Let me give you an example of the financial jobs. The majority of the senior managers' post in auditing, accountancy, retail and credit are not occupied by Omanis. There is a reluctance in grooming young Omanis for these senior job takeovers.

They get frustrated at the lower rungs and end up changing jobs frequently and eventually take up government jobs. 

A similar scenario exists in the Information Technology (IT) and engineering jobs. In the construction, consulting, energy and contracting companies, decisions to employ graduates rest heavily on the heads of the departments, most of whom are expatriates who have been occupying these positions for years — some even for several decades. If they are challenged, they would readily blame the Human Resources managers — who, by law, must be Omanis — for rejecting fellow nationals.

The reality is that the Omani HR managers are expected to follow tough norms about how to fill up these available positions with local candidates.

Omanisation Committee
Either the National Omanisation Committee is not fully committed or the task is simply too big for them. There is also a question of competence among their ranks. To stop the Omanisation process remaining a casualty and a subject for mere lip service, officials must scrutinise the employment policies of the top companies. They should also rigorously monitor the situation on a regular basis and thoroughly investigate why many senior positions have not been Omanised yet.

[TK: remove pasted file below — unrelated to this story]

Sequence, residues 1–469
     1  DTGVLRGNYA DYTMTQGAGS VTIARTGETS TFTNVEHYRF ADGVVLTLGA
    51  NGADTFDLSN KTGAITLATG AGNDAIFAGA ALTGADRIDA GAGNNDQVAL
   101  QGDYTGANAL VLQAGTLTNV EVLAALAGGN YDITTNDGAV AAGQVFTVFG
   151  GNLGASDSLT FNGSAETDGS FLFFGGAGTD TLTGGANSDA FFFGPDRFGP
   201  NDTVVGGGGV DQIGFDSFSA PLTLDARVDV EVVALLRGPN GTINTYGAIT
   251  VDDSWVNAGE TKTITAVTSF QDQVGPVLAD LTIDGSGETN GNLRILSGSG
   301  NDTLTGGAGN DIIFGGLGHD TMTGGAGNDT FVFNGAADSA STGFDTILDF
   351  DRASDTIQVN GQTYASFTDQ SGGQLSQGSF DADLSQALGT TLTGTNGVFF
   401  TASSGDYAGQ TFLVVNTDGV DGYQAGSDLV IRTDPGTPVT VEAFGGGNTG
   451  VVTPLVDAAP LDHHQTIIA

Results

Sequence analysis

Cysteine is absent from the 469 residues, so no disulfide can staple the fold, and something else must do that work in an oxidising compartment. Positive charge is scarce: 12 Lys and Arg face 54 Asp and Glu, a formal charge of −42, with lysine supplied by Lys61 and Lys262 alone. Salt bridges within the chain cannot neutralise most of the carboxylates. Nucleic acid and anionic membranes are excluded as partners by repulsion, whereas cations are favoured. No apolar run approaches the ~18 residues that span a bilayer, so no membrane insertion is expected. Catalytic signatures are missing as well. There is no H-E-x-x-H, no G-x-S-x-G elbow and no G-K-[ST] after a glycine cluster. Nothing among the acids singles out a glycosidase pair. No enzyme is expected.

Oman holds a unique position of being the first Gulf state to start the job nationalisation drive in 1985. However, nearly three decades later, we are still struggling to make it meaningful.

Large companies
The Omanisation Committee should not feel intimidated to look at the Ministry of Manpower's employment clearance system to make sure large companies do not get special treatment when they apply for visas. They should also raise questions as to why these corporate heavyweights very easily get employment visas for almost any number of foreign workers they need. If they find the Omani-expatriate ratio being violated, the Omanisation Committee must take legal action against the individuals who allow it to happen.

We don't want to continue to camouflage the obvious failings of the Omanisation process for another 30 years just to put more money into the pockets of a few individuals.